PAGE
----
More news this week of senseless destruction of world heritage by ISIS; this time, it is the Temple of Bel. Al Jazeera asks Why is ISIL targeting cultural heritage?. The Brookings Essay The Believer is a detailed portrait of Abu Bakr al-Baghdadi, the ruler of the Islamic State. A long, fascinating read.

As the world-wide migration crisis continues and proposed European coping mechanisms meet with disapproval and acrimony, UNHCR reminds us that the terms migrant and refugee are not interchangeable ‘Refugee’ or ‘migrant’ – Which is right?. The CBC’s Nahlah Ayed stresses that Most seeking asylum in Europe are refugees, not mere migrants The BBC helpfully outlines in some detail Five obstacles to an EU deal. The emphasis in most reports is on the political and economic roots of the crisis, however Jaime de Melo writing for Brookings Climate change and the growing challenges of migration reminds us that “Dealing with increasing migratory pressures from economic factors and rising temperatures will require countries to delegate national sovereignty and accommodate far greater migration flows than in recent history, or face widespread conflicts.”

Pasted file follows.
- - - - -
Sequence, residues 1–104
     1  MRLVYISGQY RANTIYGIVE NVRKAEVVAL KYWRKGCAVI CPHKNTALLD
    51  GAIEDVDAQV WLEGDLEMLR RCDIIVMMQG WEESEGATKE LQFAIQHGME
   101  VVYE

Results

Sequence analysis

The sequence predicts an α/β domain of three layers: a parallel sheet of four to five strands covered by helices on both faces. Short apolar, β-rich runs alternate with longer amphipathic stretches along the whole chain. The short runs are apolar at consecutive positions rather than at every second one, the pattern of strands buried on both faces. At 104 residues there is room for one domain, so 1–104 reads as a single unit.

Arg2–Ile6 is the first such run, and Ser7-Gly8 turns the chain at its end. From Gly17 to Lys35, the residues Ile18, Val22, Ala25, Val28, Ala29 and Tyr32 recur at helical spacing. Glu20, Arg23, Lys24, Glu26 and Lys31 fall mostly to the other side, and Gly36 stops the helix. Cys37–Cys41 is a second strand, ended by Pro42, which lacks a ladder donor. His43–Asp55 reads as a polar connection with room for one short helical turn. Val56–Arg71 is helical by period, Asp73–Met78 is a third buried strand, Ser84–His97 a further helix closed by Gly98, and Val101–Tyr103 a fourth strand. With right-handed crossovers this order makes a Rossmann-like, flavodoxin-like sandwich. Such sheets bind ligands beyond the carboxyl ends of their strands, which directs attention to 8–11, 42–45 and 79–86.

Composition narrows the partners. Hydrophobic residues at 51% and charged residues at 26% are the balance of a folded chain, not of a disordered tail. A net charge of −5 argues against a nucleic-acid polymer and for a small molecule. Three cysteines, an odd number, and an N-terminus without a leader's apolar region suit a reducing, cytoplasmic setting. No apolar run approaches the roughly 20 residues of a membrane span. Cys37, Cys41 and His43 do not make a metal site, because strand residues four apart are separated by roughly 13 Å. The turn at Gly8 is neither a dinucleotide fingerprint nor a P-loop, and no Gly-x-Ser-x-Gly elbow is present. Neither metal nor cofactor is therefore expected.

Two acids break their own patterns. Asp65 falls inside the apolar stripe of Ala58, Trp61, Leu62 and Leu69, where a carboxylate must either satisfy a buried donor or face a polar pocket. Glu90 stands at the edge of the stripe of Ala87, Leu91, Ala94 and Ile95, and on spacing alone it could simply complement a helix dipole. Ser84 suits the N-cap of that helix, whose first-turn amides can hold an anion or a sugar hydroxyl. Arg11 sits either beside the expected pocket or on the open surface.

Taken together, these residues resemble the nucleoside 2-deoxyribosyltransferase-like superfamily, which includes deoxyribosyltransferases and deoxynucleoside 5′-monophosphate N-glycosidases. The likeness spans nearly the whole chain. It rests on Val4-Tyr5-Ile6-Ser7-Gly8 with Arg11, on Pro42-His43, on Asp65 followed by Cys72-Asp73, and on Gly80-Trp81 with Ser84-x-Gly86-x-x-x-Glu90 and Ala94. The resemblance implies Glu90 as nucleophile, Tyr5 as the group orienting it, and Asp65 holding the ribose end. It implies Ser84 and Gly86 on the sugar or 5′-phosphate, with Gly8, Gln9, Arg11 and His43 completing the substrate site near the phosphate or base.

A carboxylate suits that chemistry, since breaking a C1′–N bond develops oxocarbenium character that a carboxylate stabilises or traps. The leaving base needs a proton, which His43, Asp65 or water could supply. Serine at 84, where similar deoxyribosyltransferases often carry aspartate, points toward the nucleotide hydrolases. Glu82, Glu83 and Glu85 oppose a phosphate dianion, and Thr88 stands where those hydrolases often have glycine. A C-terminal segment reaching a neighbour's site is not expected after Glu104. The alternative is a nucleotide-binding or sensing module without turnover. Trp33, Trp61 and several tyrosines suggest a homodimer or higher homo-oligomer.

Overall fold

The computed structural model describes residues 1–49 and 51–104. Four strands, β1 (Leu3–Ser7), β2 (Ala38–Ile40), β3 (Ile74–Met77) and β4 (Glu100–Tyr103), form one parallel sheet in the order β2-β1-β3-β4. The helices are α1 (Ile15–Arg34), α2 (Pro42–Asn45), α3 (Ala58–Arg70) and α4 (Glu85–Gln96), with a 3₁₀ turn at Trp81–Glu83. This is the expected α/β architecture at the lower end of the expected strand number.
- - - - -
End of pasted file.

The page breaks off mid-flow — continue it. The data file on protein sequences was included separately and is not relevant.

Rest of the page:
We were blissfully unaware that New Zealand is looking to adopt a new flag – but today’s news that New Zealanders pan 4 remaining choices for new flagOver 10,000 designs submitted to government’s Flag Consideration Panel brings back memories of the great Canadian flag debate. We would venture that the 4 designs look pretty awful to us, but of course it’s all a matter of taste. And that’s the problem.

Two unrelated local news items to cheer us up. On Monday, Quebec’s program review committee -chaired by Lucienne Robillard- released its second and final report  on  improving public spending efficiency, which recommended the province make its liquor stores compete with the private sector. Mme Robillard also examined the cost of Revenu Québec and questioned its pertinence, but didn’t go as far as recommending it be abolished.